Impact of Windfall Tax on Oil and Gas Sector


Firms devise several strategies to maximise their profits, sometimes, however, the market conditions turn out to be favourable such that even without any wise investment decisions or innovative improvements in production capacities, they accrue extraordinarily; non-historical profits. These out-of-the-blue profits are termed Windfall gains/profits. These gains may occur due to fortunate extrinsic factors like supply chain disruptions, natural calamities, wars, or a price spike.  Being unexpected and unforeseen, these surplus funds received by the industry/ firm may be used for business expansion and further investment,  increased dividends,  a special one-time dividend, debt reduction, or a share buy-back.

Due to frequent price fluctuations, windfall profits can typically be accrued in the oil and gas sector. Several energy companies have incurred these gains throughout history, arising from sudden price spikes due to supply shortages. These profits can be both short-lived as well as long-term gains. 

Various governments across the globe tax the companies that earn profits from windfall gains. These taxes are charged by the governments based on certain situational credentials. The recent slapping of a tax of Rs. 23,250 per tonne on domestically produced crude oil by the Indian government has added yet another entry to the list of countries that charge windfall taxes.

Windfall tax in India:

Having reduced the excise duty on petrol and diesel recently to check the soaring inflation, the government now has imposed a windfall tax on domestic producers like Oil and Natural Gas Corporation (ONGC), Oil India Limited, Vedanta Ltd, Reliance Industries (RIL), etc. This windfall tax is expected to earn the government revenues that would cover at least up to USD 12 billion (94,800 crores) in the remaining fiscal year. The government can, thereby, recover nearly 85% of its revenue loss incurred due to excise duty cuts. 

This tax has been introduced to regulate the domestic oil producers who produce crude oil and sell it at international parity prices. This crude oil is produced domestically and is sold to domestic refineries only, but at prices prevailing internationally. Therefore, if prices spike due to some extrinsic factors like the ongoing Russia-Ukraine conflict, international prices shoot up. Since the domestic producers sell at international parity prices, their selling price also shoots up and so does revenue, since the manufacturing cost remains constant. 

This has earned companies massive profits without any progressive efficiency updates and inputs from the company, thereby categorised as windfall gains. These supernormal, bumper profits accrued by the oil and gas firms triggered the imposition of this tax.

ONGC reported a net profit of Rs. 40,306 crores on total revenue of Rs. 1,10,345 crores in FY 2021-2022. This amounts to a massive net profit of 36.527% as a percentage of total revenue. On a similar footing, OIL  recorded a net profit of Rs. 3887.31 crores in the fiscal. Vedanta’s Cairn Oil and Gas also recorded extraordinary profits. These profits especially soared in the March quarter, when the international prices of crude oil hit a record 14-year  high of $139 per barrel. 

The tax would charge the companies Rs. 23,250 per tonne. Given the conversion of a tonne to a barrel of crude oil as:

1 Tonne= 7.49 barrels,

The tax nearly amounts to Rs. 3,104.138 per barrel. Given the fact that:

1 Barrel= 158.987 litres

The tax amounts to Rs. 19.524 per litre of crude oil produced domestically.

The Calculation of domestically produced natural gas prices in India:

As per the New domestic Natural Gas Pricing Guidelines, 2014 issued by Ministry of Petroleum and Natural Gas, determination of domestic natural gas prices on a half-yearly basis is done by using the following formula:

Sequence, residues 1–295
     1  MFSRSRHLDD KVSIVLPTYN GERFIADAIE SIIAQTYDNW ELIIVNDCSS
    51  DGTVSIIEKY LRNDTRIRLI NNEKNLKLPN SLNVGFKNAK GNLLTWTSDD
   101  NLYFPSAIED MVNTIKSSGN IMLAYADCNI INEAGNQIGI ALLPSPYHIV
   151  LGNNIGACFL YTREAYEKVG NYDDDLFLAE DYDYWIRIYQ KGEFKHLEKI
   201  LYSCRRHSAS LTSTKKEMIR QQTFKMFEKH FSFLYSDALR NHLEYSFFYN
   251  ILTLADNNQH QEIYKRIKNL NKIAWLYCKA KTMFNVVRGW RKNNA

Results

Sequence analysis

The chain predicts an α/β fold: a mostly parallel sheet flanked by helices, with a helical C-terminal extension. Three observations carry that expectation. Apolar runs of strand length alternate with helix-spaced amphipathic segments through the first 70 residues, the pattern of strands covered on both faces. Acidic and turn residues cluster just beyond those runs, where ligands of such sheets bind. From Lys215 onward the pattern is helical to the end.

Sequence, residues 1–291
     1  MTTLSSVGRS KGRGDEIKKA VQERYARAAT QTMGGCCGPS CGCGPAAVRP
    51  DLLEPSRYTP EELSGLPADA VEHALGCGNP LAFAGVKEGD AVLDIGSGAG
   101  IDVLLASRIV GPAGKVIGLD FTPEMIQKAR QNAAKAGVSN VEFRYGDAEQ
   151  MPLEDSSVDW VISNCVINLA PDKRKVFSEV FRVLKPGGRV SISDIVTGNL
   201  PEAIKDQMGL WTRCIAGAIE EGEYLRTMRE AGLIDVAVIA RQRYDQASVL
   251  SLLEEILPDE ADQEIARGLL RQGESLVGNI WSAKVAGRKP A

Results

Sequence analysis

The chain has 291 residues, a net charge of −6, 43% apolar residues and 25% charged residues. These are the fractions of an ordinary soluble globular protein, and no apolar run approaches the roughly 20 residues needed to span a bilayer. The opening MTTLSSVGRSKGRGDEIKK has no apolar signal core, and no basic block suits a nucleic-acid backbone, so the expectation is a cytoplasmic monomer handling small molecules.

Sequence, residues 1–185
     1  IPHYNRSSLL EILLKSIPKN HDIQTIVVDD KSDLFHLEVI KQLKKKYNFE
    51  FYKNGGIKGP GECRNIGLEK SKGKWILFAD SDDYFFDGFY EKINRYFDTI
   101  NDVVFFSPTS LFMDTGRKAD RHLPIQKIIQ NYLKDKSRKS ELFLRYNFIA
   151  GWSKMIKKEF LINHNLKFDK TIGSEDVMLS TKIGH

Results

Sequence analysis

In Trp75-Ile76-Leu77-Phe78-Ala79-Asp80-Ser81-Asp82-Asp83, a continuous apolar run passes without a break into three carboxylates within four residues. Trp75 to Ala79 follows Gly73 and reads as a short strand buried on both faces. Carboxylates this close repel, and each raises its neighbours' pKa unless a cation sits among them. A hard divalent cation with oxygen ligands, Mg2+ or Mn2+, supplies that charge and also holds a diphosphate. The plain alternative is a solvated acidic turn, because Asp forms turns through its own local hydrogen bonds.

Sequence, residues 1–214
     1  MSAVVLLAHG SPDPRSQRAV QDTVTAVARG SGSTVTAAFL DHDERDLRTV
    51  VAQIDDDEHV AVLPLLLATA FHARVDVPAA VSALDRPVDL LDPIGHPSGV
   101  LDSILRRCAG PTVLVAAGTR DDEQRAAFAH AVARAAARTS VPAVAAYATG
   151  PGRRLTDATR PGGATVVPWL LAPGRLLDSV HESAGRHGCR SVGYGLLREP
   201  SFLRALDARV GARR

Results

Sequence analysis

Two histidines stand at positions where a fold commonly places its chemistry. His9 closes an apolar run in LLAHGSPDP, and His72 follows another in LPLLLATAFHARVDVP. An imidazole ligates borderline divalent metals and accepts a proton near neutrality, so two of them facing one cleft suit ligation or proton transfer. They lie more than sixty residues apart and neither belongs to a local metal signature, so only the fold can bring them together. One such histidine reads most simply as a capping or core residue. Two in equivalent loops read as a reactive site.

• VHH is theTotal  annual volume of  natural gas consumption in USA and Mexico;
  • VAC is theTotal  annual volume of  natural gas consumption in Canada;
  • VNBP is theTotal  annual volume of  natural gas consumption in the European Union;
  • VR is theTotal  annual volume of  natural gas consumption in Russia;
  • PHH is the annual average of daily prices at henry hub, less US$0.50/MMBTU in consideration of transportation and treatment charges;
  • PNBP is the annual average of daily prices at Natural Balancing Point, less US$0.50/MMBTU in consideration of transportation and treatment charges;
  •  PAC is the annual average of monthly prices at  Alberta hub, less US$0.50/MMBTU in consideration of transportation  and treatment charges;
  • PR is the annual average of monthly prices as published by the Federal Tariff of the Russian Government.

Under the Ministry of Petroleum and Natural gas, The Petroleum Planning and Analysis cell publishes the half-yearly prices of natural gas using the formula prescribed above. This is also accompanied by a price ceiling, given the nature of the commodity and its enormous  impact on inflation in any economy. Nature of the pricing, over the years, since the prescription of the formula as discussed has been as depicted by the chart below: 

MMBTU: It is an acronym for Metric Million British Thermal Unit, which is a unit used to measure heat content or value of energy. Technically defined as the amount of heat required to raise the temperature of one pound of water by one Fahrenheit. 

GCV: It is an acronym for Gross Calorific Value, defined as the amount of heat released by the complete combustion of a given mixture.

The price at which crude oil produced domestically is sold to the domestic refineries in the international parity price.  This brings about a correspondence between the profits of ONGC and these prices. The profits earned by ONGC are as depicted by the chart:

Profit before Interest, Depreciation & Tax: Also known as EBITDA (Earnings before Interest, Depreciation, Taxes and Amortisation), it is used as a measure of the overall performance of a firm and also as the net income. 

The following curve shows the price of Natural gas internationally as per the Henry Hub standards ($/MMBTU):

Relationship and similarity can be easily noticed between the three curves. 

Analysis of the Tax Imposition: 

Considering the enormous windfall gains made by the oil producers as well as the profits they incur in exporting petrol and diesel while petrol pumps in certain states are running dry, the government has imposed a windfall tax as discussed plus an export duty of Rs. 6 per litre on petrol and Jet Fuel (ATF : Aviation Turbine Fuel) and Rs.  13 per litre on export of diesel, with implementation from 1st July, 2022. The government in May cut the excise duty on petrol by Rs. 8/litre and on diesel by Rs. 6/litre.